- Fellowship Dates 2018-2019
- Research Topic A Global History of the Arabic Language Press: 1800s-1950s
- Fellow or Grant Type Bureau of Educational and Cultural Affairs
- Affiliation Pre-doctoral candidate Princeton University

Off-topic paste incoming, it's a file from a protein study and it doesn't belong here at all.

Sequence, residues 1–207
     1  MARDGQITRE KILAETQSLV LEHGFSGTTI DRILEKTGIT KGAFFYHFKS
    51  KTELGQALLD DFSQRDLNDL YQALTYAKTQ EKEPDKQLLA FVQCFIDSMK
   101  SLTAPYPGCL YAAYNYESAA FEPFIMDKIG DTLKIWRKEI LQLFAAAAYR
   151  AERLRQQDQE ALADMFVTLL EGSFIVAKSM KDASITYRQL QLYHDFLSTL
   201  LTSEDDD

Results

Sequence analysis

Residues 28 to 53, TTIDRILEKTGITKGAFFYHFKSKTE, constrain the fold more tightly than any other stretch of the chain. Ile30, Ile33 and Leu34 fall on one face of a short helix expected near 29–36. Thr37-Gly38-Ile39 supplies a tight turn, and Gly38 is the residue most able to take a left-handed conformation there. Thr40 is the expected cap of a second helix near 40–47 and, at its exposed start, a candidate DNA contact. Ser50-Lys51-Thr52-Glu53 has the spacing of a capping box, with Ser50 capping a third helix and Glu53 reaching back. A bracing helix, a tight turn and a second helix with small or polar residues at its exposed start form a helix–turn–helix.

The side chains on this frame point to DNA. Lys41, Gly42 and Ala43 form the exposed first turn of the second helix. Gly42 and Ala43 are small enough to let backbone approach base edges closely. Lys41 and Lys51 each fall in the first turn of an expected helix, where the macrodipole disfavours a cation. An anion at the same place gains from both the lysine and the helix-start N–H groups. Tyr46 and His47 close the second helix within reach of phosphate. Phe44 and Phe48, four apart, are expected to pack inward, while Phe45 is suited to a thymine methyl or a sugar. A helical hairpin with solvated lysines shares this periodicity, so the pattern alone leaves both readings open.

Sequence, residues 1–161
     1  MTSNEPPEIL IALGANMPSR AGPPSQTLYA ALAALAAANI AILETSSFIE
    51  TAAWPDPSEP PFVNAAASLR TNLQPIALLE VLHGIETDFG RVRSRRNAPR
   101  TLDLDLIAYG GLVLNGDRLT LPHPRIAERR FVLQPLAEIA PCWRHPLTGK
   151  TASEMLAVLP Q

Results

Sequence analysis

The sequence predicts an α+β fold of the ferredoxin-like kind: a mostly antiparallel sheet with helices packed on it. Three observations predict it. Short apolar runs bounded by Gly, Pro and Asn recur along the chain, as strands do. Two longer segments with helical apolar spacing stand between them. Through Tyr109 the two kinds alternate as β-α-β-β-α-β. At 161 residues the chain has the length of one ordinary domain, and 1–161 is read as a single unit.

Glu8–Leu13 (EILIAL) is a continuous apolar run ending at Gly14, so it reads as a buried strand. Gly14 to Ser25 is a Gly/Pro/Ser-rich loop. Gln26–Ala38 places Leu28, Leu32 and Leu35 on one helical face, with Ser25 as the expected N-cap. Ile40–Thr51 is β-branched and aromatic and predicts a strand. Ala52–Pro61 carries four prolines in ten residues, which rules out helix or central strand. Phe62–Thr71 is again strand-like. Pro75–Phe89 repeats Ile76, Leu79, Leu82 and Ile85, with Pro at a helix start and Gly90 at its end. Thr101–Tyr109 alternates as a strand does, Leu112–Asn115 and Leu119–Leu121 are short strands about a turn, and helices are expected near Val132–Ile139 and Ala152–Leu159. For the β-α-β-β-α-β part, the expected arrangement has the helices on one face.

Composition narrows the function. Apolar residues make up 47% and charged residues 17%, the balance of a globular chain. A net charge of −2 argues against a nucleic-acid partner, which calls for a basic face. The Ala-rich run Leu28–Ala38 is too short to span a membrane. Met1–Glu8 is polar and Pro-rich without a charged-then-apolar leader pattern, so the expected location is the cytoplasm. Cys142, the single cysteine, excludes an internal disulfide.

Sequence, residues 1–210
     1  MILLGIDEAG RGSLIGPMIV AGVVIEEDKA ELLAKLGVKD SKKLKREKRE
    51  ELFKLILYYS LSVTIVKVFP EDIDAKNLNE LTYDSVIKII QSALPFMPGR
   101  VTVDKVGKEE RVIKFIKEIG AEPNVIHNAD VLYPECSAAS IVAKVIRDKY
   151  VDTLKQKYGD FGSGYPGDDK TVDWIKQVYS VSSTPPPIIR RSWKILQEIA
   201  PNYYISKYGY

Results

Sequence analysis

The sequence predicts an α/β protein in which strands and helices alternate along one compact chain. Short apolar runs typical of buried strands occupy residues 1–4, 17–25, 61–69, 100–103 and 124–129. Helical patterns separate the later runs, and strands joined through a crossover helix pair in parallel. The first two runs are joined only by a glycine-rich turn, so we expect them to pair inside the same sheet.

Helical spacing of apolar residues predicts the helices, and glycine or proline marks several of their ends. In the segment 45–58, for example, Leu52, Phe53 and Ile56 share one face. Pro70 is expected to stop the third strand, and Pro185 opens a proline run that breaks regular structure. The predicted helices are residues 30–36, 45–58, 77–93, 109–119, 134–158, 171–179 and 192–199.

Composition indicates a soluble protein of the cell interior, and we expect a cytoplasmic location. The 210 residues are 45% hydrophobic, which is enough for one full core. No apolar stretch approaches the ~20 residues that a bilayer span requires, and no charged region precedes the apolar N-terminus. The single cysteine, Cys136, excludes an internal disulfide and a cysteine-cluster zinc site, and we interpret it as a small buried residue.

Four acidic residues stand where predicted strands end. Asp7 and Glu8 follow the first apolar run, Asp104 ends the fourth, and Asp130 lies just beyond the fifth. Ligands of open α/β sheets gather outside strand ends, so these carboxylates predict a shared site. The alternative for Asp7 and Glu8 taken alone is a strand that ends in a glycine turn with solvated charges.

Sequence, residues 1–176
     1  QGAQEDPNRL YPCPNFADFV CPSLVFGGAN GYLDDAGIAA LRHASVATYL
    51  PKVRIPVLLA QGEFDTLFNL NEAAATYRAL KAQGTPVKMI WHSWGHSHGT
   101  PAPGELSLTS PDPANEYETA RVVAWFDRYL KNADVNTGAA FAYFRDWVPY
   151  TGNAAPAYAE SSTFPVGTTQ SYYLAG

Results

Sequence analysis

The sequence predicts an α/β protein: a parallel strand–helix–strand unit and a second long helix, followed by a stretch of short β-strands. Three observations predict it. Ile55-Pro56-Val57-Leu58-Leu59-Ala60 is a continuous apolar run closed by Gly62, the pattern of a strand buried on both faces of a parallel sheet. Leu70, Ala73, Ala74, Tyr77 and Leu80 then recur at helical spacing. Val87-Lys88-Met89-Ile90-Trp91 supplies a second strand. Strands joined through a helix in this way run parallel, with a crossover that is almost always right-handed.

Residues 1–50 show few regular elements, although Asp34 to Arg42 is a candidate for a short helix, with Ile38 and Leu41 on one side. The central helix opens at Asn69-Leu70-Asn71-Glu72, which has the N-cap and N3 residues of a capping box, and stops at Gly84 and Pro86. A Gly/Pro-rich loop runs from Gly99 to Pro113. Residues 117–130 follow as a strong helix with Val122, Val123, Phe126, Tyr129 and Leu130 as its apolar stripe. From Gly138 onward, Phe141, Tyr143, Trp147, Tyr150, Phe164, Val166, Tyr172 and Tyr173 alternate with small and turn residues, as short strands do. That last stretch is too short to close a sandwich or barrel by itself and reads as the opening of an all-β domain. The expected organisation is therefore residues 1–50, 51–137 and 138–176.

“For the General Public” - this is the refrain found in most 19th-century Arabic-language periodicals. But given that far less than five percent of the population could read, whom were these newspapers and magazines actually addressing? Who was this ‘general public’? Newspapers and magazines emerged in the Arabic-speaking context in the late 1850s and early 1860s. They largely catered to a new class of literate professionals, namely doctors, lawyers, bureaucrats and engineers that was taking shape in the Middle East, North Africa and beyond. Newspapers were writing to global audiences and espousing a global perspective; by the last decade of the 19th century, Arabic periodicals produced on five continents. This research analyzes the relationship between this audience of professionals and the writers and editors who created these papers, seeking to determine why writers conceived of this group as the ‘general public’ by analyzing their choices in format and content. It answers the question: How did the audience shape the Arabic-language press, leading to its global spread? It is a global intellectual history of the Arabic-language press, from the late 1850s to the mid-1930s, where the press is a functioning social, cultural, economic and political institution. It questions what allowed newspapers to develop as a category of Arabic-language intellectual expression and examines the development of the magazine, the majalla, and determining what made it distinct from the newspaper in both content and form. The study reflects on themes of Islamic knowledge and Arab identity, looking at how they are discussed within periodicals during the 1890s-1910s and covers the global conversation on culture, thaqafa, a conversation that is often limited in existing histories to Egypt.